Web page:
Mon, Oct 17, 2016 - Page 3 News List

Wu warns Hung over ‘one China’ interpretation

By Stacy Hsu  /  Staff reporter

Former vice president Wu Den-yih yesterday speaks to retired Chinese Nationalist Party (KMT) members at the Sun Yat-sen Memorial Hall in Taipei.

Photo: Huang Yao-cheng, Taipei Times

Former vice president Wu Den-yih (吳敦義) yesterday warned against any “willful interpretations” of the “one China, different interpretations” framework, in a remark clearly aimed at Chinese Nationalist Party (KMT) Chairwoman Hung Hsiu-chu (洪秀柱).

The so-called “1992 consensus” and “one China, different interpretations” have played key roles in maintaining stable and peaceful cross-strait ties, and there is no room for “one China, willful interpretations,” Wu said in a speech to retired KMT members at the Sun Yat-sen Memorial Hall in Taipei.

His speech was titled “The party’s current situations and the direction of our efforts.”

“During my term as premier, a local elected representative of the Democratic Progressive Party asked me why then-Association for Relations Across the Taiwan Straits chairman Chen Yunlin (陳雲林) did not honor the ‘one China, different interpretations’ policy and interpret ‘one China’ as the Republic of China when he visited Taiwan,” Wu said.

Wu said he replied that by that logic, Taiwanese visiting Beijing would have to interpret “one China” as the People’s Republic of China, which Wu said is not “one China, different interpretations,” but rather “one China, willful interpretations.”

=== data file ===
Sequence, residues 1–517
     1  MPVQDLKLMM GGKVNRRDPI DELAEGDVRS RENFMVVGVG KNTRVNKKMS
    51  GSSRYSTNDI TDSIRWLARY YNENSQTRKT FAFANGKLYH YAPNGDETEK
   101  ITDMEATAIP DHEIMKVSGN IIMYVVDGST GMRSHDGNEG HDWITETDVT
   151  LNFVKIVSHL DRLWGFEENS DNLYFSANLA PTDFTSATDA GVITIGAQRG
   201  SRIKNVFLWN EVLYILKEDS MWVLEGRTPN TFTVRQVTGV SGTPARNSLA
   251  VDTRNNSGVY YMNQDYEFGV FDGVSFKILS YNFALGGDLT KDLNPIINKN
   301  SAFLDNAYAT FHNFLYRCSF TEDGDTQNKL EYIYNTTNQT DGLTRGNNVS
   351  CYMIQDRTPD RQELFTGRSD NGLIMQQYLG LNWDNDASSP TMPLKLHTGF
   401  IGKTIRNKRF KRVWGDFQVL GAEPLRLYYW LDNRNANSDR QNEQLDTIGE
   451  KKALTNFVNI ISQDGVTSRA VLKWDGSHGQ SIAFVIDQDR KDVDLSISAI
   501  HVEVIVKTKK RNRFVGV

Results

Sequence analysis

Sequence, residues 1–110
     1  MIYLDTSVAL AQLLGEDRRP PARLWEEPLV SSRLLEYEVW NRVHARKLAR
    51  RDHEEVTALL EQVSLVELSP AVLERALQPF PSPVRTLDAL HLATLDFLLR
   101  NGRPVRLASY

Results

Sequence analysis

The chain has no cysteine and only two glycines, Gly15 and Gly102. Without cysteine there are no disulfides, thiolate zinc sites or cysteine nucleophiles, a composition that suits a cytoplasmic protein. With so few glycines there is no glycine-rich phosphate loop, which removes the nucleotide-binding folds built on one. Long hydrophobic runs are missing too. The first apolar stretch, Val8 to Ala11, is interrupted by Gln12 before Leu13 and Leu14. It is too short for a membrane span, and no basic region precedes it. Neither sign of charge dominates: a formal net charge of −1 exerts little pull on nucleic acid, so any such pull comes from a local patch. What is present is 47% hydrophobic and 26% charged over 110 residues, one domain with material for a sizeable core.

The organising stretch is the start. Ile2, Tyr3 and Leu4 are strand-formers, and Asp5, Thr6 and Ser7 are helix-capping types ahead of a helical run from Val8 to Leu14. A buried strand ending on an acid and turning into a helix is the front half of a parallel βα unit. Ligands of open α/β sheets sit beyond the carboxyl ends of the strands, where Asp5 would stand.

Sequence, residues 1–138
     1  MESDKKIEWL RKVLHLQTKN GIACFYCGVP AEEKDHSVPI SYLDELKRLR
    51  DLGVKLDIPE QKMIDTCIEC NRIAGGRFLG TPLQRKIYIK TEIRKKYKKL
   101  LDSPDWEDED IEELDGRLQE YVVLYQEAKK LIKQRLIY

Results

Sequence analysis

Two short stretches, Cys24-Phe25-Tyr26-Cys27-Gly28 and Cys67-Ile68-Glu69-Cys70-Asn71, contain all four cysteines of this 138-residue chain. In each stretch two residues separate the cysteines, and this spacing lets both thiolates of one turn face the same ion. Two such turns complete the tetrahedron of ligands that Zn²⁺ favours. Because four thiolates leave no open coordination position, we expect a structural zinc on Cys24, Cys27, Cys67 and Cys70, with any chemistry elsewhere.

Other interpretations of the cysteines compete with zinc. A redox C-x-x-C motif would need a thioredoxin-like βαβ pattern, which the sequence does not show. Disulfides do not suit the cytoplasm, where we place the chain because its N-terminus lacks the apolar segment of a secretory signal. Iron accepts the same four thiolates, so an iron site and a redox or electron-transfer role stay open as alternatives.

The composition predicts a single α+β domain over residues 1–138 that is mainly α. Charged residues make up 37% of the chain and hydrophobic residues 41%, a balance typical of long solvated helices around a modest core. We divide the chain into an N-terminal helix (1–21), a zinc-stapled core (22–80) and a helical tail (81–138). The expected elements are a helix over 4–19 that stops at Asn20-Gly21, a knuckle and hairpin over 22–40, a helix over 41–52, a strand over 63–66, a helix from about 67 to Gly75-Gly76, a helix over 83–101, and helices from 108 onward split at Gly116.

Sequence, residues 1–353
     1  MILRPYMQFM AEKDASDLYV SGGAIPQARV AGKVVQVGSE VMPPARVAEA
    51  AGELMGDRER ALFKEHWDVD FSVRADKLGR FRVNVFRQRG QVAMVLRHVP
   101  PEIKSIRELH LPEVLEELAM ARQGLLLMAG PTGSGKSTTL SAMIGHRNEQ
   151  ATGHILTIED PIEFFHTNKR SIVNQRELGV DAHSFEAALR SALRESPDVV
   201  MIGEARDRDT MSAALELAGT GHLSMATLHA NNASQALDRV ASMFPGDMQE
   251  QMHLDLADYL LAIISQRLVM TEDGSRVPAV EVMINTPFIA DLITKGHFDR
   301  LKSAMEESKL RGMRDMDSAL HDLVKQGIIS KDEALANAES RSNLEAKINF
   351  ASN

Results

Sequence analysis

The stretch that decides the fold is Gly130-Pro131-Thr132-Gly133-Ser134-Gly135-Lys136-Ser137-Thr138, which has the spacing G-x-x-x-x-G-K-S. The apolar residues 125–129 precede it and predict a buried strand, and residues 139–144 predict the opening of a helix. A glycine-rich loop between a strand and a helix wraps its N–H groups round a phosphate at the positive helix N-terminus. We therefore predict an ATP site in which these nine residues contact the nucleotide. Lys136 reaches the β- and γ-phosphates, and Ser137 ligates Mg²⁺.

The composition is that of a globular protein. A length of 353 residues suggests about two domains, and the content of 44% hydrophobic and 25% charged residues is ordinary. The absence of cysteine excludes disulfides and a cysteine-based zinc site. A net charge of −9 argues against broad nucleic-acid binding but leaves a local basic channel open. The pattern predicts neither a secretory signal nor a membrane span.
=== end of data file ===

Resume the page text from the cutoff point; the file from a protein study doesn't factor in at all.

The consensus reached during the 1992 cross-strait talks is that each side of the Taiwan Strait can have its own interpretation of what “China” means, Wu added.

The so-called “1992 consensus,” a term former Mainland Affairs Council chairman Su Chi (蘇起) said in 2006 that he had made up in 2000, refers to a tacit understanding between the KMT and the Chinese government that both sides acknowledge that there is “one China,” with each side having its own interpretation of what “China” means.

Wu and Hung have been engaged in a heated exchange of words over the KMT’s stance on the “1992 consensus.”

Many see the verbal sparring as presaging a Wu run for the KMT chairmanship next year.

Hung’s proposal to let the “one China, different interpretations” framework evolve into “one China, same interpretation” is seen as an attempt to bring the nation closer to unification with China.

Turning to the KMT’s landslide loss in the Jan. 16 presidential and legislative elections, Wu said President Tsai Ing-wen (蔡英文) was only able to win the support of moderate voters by vowing to maintain the cross-strait “status quo” and because of some relatively radical views that Hung had espoused last year when she was the KMT’s presidential candidate, views that led to her being replaced by New Taipei City Mayor and then-KMT chairman Eric Chu (朱立倫) as the party’s candidate.

Calling for unity, Wu said that the KMT would only stand a chance of regaining public support in future elections if it is an opposition party guided by the right policies.

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